How many overtimes are there in NFL?
What the National Football League rule book says about overtime play and how the rules have evolved, especially in the last 10 years.
If a football game is tied at the end of four quarters, overtime is played. In overtime, a coin toss decides which team will hold the ball first. The winner of the coin toss can choose to give the ball or receive the ball. If the receiving team fails to score and loses possession, the game goes into sudden death, and the first to score wins. The scoring team wins if the first possession ends in a touchdown (by the receiving team or by the defensive team on a turnover) or the defensive team scores a safety.
Nevertheless, suppose the initial receiving team only scores a field goal. In that case, the game is not automatically over, and the other team is allowed to possess the ball as well. The opposite team can win with a touchdown and tie with a field goal, and will lose if they fail to score.
Since the NFL added an overtime period in 1974 to decide regular-season games that end regular time with a tied score, around 600 regular-season games have been finished with overtime play.
The evolution of the rules
The league introduced an adjusted sudden-death overtime system to better determine a winner in a tie game for the 2010 postseason. Two seasons later, the league expanded those rules to cover all NFL games.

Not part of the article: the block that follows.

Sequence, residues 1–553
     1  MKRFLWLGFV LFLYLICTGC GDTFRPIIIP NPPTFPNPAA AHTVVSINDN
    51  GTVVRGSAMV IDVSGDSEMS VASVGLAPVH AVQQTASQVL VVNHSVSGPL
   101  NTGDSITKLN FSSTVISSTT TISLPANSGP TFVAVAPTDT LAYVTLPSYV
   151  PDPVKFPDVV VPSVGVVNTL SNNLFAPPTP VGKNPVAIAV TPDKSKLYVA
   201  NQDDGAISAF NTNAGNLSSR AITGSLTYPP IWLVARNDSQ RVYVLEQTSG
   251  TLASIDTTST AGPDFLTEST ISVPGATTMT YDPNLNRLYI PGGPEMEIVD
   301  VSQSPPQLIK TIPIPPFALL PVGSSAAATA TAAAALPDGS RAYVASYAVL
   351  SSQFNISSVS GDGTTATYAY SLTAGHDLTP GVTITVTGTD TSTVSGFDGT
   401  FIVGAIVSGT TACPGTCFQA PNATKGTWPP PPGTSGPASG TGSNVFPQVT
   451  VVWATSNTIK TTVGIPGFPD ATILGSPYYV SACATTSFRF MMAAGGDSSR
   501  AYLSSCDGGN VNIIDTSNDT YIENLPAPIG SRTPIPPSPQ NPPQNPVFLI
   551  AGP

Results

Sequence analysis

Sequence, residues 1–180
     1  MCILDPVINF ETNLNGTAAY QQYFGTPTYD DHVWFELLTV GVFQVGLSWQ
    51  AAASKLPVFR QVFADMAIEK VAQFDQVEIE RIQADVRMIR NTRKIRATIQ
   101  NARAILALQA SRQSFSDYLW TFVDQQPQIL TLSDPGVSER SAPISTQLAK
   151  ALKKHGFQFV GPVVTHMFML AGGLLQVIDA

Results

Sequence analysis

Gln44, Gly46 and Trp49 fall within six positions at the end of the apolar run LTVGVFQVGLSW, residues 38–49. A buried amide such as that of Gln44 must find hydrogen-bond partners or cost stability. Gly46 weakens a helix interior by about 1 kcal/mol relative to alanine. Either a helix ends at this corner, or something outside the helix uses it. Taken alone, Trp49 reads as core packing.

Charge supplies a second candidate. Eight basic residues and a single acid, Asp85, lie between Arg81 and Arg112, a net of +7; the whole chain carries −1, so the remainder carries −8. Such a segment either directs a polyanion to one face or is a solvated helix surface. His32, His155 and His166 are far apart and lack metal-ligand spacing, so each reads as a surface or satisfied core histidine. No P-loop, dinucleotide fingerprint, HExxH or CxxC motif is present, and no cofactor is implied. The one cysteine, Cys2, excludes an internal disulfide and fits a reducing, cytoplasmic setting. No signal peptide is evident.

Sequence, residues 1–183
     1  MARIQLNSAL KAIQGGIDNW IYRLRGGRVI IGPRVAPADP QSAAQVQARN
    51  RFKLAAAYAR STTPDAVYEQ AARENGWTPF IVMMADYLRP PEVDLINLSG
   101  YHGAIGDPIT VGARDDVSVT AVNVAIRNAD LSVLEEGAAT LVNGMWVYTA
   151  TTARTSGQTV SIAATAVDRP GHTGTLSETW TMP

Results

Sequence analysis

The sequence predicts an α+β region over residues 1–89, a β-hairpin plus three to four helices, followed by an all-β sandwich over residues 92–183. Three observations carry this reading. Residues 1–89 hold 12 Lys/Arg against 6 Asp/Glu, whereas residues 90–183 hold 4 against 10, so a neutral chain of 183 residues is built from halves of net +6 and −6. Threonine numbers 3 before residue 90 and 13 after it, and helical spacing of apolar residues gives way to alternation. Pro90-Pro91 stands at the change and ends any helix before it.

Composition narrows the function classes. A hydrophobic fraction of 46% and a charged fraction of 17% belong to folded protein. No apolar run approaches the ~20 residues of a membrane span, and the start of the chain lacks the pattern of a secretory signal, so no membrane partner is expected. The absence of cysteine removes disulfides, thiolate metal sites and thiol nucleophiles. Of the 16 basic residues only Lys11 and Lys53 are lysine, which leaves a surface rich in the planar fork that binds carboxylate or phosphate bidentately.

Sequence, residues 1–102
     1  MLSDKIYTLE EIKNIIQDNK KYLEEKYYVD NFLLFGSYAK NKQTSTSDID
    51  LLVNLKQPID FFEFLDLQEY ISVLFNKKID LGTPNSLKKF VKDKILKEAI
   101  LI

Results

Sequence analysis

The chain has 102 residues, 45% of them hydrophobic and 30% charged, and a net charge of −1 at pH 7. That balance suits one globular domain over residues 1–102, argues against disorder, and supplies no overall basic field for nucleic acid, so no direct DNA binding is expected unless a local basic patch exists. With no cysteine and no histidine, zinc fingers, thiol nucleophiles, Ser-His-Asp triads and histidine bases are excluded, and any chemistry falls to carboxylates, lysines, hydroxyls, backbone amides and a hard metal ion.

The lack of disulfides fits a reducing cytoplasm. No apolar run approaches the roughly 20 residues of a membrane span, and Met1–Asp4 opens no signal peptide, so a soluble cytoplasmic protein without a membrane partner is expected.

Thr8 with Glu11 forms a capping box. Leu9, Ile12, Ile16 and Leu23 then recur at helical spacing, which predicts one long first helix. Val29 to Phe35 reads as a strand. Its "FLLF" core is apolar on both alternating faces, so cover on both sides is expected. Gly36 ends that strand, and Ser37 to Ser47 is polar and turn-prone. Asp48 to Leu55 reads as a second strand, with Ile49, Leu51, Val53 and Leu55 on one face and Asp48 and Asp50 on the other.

During the regular season in the NFL, one overtime period is played (with each team receiving two-time outs). If the game is still tied after the 10-minute overtime, the game formally ends in a tie. Before the 2017 season, there was a 15-minute overtime. In the playoffs, 15-minute overtime periods resume until a winner is resolved. In 2017, NFL owners approved shortening overtime in the regular season from 15 minutes to 10. The rule change is aimed at improving player safety. Overtime follows a three-minute break after the end of the regular game. Before the start of overtime, a coin flip is executed in which the captain of the visiting team calls the toss. The team that wins the coin flip can either receive the kickoff or choose the side of the field they wish to defend. Ties are rare in the NFL.
The current rules allow both teams to possess the ball at least once in overtime unless the team that receives the overtime kickoff scores a touchdown on its first possession. Under the previous rules, the team that won the coin toss would typically choose to receive the ball and gain just enough yardage to win the game by kicking a field goal without the other team touching the ball. The coin toss winner won approximately 60% of overtime games under that rule, rather than the 50% expected by random chance.